Aside: Yesterday, Tom LaPille wrote a piece on why he believes Constructed decks should be playing with good cards. My understanding of his point was that the payoff for running a suboptimal or underpowered card just because it sometimes interacted well with the rest of your deck was not high enough to justify not playing the cards that are good all the time, even if the “good” cards at their best are worse than the “bad” cards at their best. I agree with this, but only somewhat. I look at it like this: you want to have multiple cards that can win you the game these days. Nightshade Stingers are just not going to get the job done on their own, though Bitterblossom certainly can. Scion of Oona is probably not going to finish the deal on its own either, but it is so much better than Nightshade Stinger when you have a handful of other Faeries that it justifies its slot. In other words, I think that you do need to value your deck’s synergies highly, but I also think that you can only afford to run so many cards that need things to be proceeding according to plan. This is just another way of saying that answers are in short supply these days, so you’d like to have enough cards that demand answers that your opponent is going to run out. End aside.

It would seem, then, that if you want to play a completely new deck that happens to have good game against the format, you’d want to pick a deck that both starts the game early and is jam-packed with legitimate threats that the other guy is going to have to deal with. I think this is why the entirety of Star City Games was swallowed up in Merfolk frenzy last week. Merfolk starts the game early, either with Ancestrals of their own on the first turn and then heavy-hitters coming out on the second, or with utility Merfolk hitting play on the first turn and then playing Isamaru on the second. The deck also has plenty of must-answer threats, as well as answers of its own that often cantrip. The end result is a deck that comes out fast, hits hard for the entire game, and can protect itself from anything thrown its way.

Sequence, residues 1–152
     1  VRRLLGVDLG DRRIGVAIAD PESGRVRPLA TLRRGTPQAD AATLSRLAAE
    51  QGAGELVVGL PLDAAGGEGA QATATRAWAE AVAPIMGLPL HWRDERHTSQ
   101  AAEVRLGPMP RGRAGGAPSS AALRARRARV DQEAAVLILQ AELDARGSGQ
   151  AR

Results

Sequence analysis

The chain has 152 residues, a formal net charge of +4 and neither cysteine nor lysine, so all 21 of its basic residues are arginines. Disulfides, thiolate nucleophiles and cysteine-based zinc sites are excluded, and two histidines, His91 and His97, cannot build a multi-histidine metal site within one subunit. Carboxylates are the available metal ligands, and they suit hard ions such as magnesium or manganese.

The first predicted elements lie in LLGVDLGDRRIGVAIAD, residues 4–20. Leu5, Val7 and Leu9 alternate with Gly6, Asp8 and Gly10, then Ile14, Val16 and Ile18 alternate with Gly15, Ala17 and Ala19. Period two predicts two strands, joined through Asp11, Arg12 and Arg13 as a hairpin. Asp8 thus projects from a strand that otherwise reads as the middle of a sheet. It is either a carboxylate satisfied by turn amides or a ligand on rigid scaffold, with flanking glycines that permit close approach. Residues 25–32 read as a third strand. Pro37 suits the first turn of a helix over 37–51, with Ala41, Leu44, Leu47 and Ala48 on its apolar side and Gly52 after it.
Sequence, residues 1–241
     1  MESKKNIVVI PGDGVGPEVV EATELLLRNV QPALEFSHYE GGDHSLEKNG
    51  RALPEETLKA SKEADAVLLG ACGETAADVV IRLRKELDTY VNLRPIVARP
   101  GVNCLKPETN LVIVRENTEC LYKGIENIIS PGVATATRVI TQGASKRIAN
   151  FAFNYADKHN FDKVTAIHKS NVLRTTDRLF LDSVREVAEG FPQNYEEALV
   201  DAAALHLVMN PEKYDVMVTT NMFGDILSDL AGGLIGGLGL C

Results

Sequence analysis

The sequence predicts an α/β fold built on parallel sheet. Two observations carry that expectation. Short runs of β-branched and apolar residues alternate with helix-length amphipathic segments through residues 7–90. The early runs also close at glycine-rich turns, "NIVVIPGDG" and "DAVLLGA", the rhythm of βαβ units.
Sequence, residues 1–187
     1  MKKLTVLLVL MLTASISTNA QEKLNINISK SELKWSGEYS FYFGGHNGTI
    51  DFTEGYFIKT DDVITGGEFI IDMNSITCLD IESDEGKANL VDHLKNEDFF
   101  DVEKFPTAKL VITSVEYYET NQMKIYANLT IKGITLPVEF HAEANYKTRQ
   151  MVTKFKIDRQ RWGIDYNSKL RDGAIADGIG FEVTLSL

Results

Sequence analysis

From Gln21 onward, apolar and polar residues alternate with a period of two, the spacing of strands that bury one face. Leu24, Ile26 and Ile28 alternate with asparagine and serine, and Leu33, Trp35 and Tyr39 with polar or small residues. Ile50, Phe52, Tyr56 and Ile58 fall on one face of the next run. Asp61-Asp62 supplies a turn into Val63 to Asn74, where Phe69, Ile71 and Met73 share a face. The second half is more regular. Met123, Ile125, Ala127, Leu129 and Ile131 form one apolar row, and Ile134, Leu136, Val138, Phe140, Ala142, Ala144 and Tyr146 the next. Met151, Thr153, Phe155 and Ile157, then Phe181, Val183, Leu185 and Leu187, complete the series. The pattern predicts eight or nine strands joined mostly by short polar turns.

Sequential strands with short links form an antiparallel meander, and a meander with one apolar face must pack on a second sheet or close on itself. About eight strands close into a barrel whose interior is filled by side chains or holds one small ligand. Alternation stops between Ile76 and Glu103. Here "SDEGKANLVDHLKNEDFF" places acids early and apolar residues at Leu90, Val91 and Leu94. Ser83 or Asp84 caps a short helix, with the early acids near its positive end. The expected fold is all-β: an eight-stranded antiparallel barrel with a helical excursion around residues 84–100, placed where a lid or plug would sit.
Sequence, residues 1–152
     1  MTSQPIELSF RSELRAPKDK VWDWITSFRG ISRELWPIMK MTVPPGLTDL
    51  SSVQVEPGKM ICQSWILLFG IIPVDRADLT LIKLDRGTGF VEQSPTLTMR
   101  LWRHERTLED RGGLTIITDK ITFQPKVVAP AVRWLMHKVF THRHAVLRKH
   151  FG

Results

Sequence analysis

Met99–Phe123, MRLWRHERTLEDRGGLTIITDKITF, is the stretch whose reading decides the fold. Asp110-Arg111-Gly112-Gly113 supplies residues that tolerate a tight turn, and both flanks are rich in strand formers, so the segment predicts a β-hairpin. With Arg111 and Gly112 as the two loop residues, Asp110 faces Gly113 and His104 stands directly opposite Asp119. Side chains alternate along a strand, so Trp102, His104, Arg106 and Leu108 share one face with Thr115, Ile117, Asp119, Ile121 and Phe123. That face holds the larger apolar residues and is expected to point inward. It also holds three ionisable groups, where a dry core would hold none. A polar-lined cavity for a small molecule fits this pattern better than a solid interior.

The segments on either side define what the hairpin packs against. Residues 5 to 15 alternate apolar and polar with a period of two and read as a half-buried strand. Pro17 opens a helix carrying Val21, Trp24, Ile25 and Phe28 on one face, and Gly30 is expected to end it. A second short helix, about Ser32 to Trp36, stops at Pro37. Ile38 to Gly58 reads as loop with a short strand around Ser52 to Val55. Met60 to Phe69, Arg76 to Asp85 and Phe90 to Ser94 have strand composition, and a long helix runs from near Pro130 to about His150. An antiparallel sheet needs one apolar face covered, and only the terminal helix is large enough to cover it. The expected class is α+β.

Other decks that fall into this category are Bill Stark new favorite ELVES! Deck, and even the Mono-Red Burn deck that is popular on Magic Online. It’s hard to call the Rift Bolt that takes you from twenty to seventeen a “must-answer” threat, but the Shard Volley scheduled to take you from two to dead certainly is. And, of course, there are decks that seem to defy my two ideas of how to win in this format, such as Dragonstorm. With Lotus Bloom not coming in until turn 4 at the earliest, and just a handful of actually dangerous cards, it’s hard to say that Dragonstorm starts the game early or has a lot of threats to fight an attrition war with, and yet the deck does consistently well in Magic Online Constructed queues.